In Chitram Bhalaare Vichitram, Brahmanandam's character keeps abusing his grandfather all through the movie, saying that if he had done something, his life would have been much better. When finally one of the characters asks him what his grandfather should have done, he says that if only his grandfather had been born as a Birla or a Tata, he would not have had to endure all these hardships in life.
This is the exact scene that played out in our heads as we walked out of Jackpot - another production from Sachin Joshi - the man behind monstrosities like Mumbai Mirror
and Aazaan. Sachin Joshi is heir apparent to the JMJ group (Manikchand group, to be precise), and fancies himself as a film hero. And just because he has he money to spend, he keeps acting in and producing one terrible movie after terrible movie.
We probably wouldn't have minded that much if he had any acting chops at all, but considering the fact that his face has one question-mark expression, and his voice has as much modulation as a frog, we mind terribly.
Coming to Jackpot, the movie comes from the man who gave us the infamous Boom
- yes, the same Boom in which Katrina Kaif, Pada Lakshmi and Madhu Sapre showed more skin than Mallika Sherawat in all her Cannes appearances - Kaizad Gustad. This man was apparently in trouble due to the death of a technician on the sets of one of his masterpieces. He's managed to extricate himself from the trouble, but only ends up making us wish he had stayed in trouble longer.
Jackpot is about Boss (Naseeruddin Shah), a casino owner in Goa, his secretary Maya (Sunny Leone) and a group of con artists headed by Francis (Sachin Joshi). Boss makes a deal with Francis and his group to host a jackpot of Rs. 5 crore in his casino, get the prize money stolen by Francis, and then claim insurance for the lost money. The con game becomes deadly, as the players are bumped off one after the other and everyone is suspicious of everyone else. Who gets the Jackpot is what the film tells us.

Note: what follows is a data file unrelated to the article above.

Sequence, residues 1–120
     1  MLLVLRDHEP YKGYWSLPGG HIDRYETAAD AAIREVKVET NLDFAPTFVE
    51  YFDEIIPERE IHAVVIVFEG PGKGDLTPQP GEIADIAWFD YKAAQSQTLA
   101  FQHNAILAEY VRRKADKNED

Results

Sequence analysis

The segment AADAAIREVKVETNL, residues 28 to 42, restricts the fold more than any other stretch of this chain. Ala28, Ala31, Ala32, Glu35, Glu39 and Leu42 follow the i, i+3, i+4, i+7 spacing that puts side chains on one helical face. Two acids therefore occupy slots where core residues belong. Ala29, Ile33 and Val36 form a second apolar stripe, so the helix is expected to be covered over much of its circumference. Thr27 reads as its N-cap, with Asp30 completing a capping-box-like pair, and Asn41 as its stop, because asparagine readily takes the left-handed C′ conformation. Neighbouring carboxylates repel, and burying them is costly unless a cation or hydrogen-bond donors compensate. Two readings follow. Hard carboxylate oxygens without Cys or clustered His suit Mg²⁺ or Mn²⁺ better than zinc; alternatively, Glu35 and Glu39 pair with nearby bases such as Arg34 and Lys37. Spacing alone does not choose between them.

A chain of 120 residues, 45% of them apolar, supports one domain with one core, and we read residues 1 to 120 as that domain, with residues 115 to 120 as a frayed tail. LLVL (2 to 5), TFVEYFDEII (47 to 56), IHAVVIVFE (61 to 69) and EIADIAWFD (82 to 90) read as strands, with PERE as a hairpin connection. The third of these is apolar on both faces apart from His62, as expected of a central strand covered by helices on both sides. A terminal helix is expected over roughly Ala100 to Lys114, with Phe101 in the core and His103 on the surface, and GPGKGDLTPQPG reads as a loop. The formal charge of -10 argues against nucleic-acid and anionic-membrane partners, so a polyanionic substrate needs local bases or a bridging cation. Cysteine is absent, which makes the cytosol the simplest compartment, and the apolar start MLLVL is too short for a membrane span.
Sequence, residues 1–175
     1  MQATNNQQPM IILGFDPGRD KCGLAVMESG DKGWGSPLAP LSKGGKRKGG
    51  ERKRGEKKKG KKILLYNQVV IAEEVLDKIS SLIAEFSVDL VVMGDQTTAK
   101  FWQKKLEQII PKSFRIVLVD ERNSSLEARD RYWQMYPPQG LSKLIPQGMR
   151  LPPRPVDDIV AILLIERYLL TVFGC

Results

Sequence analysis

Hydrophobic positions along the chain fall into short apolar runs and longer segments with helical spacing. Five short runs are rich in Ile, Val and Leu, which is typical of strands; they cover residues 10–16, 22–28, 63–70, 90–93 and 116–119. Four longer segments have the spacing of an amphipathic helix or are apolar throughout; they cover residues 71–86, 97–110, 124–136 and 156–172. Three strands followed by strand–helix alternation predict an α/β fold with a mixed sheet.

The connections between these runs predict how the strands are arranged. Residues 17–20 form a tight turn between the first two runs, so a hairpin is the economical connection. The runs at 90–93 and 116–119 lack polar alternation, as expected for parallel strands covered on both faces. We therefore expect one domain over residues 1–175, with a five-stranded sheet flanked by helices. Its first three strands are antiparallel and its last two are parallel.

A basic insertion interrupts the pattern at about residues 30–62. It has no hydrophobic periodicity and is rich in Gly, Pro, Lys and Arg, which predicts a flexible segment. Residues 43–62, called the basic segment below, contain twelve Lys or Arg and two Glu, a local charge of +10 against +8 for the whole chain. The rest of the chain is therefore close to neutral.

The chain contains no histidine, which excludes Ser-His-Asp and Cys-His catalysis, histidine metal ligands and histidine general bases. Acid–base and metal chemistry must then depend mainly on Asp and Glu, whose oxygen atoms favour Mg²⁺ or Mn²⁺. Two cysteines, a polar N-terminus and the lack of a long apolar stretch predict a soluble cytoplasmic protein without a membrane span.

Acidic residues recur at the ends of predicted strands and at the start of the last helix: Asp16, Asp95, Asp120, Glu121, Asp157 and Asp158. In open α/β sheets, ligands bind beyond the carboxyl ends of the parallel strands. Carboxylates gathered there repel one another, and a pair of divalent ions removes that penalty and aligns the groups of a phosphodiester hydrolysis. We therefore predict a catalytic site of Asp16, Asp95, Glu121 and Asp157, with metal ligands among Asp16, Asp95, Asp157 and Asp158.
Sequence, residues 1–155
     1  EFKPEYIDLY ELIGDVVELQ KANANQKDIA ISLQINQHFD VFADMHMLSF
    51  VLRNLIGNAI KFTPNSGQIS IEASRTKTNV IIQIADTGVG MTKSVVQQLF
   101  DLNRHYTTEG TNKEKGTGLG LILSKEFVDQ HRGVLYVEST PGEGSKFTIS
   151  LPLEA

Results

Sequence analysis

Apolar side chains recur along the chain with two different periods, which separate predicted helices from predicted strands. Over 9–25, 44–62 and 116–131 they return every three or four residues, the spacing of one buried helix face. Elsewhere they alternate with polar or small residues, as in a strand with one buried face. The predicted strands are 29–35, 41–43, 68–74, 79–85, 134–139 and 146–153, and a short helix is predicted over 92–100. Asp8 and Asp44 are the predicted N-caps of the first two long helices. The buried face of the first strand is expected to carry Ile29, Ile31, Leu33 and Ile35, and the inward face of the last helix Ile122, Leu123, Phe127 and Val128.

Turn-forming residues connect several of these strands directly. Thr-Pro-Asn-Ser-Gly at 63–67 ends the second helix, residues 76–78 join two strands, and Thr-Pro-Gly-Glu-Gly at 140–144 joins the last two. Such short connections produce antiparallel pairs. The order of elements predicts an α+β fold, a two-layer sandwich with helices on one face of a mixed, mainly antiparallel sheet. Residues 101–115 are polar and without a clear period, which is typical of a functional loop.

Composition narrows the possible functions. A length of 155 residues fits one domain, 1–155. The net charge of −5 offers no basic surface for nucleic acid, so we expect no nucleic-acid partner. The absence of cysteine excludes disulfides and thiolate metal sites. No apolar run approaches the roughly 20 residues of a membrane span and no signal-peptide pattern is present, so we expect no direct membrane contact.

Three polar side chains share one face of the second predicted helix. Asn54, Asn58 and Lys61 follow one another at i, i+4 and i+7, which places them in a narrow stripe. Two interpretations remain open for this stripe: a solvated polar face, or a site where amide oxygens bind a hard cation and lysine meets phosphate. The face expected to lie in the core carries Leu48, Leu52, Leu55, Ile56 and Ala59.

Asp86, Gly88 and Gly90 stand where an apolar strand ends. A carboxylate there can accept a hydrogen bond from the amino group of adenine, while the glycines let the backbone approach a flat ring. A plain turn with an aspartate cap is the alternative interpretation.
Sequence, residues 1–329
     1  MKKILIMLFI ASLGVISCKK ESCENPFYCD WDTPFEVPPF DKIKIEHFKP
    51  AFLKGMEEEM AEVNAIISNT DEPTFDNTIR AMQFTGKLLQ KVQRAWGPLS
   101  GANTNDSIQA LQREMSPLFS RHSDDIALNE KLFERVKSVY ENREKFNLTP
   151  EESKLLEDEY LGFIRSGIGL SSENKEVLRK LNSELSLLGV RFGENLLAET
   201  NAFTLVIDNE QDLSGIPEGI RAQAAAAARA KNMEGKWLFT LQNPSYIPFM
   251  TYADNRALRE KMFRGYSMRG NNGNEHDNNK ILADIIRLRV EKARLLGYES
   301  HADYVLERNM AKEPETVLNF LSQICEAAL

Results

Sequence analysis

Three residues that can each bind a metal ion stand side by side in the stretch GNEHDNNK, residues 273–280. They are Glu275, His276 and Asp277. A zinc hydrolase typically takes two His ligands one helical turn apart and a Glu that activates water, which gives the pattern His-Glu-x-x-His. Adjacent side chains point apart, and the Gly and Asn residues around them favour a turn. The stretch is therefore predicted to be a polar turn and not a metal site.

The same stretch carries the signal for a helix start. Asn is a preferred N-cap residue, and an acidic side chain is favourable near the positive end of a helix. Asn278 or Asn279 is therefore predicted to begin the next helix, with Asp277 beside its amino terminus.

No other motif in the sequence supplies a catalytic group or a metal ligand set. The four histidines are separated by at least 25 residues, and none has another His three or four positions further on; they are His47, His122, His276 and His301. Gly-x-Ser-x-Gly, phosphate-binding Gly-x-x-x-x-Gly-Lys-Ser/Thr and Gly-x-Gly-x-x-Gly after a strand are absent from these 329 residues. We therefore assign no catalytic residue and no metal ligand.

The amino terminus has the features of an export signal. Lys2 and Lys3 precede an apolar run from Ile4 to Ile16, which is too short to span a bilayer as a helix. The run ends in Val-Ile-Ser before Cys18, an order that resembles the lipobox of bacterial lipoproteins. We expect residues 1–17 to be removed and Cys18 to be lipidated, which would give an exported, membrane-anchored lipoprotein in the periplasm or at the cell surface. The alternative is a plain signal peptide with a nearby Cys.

Or does it? Jackpot follows a non-linear narration, and is extremely difficult to follow. The first half of the film is broken up into random chapters with vague titles, and the format is conveniently forgotten in the second half.
Naseeruddin Shah's extremely weird hairstyle and his weirder dialogues (he is heard saying that he will charge extra if he has to dance at a wedding) go a long way to show how disinterested he was in the whole movie. The pace of the film is non-existent, and would give tough competition to a snail, even losing to it by quite a margin at the end.
The editor, we are sure, was at a loss, and without an inkling of what the actual plot was, cut and pasted the spools, took his cut and pasted himself out of the picture. Kaizad's also lost his thing for sleaze by the looks of it. In spite of having Sunny Leone in the film, he barely lets the woman show any skin. The few swear words used in the movie, hence, end up carrying the burden of giving it the 'A' certificate it carries.
Sachin Joshi, like we mentioned earlier, is one note throughout - in looks, personality, acting and voice modulation. Sunny Leone has a supremely limited role that she does well in. Naseeruddin Shah, who gets the most interesting of the characters, ends up mouthing inane lines and issuing empty threats.
The technical values are OK, but technical values themselves have hardly ever made a movie work in the past. The music is passable, but the songs are not necessary.
Jackpot is what happens when an eccentric mind teams up with a "bade baap kaa beta
". Watching it will only make you lament that the fact your dad does not have as much money as Sachin Joshi's does.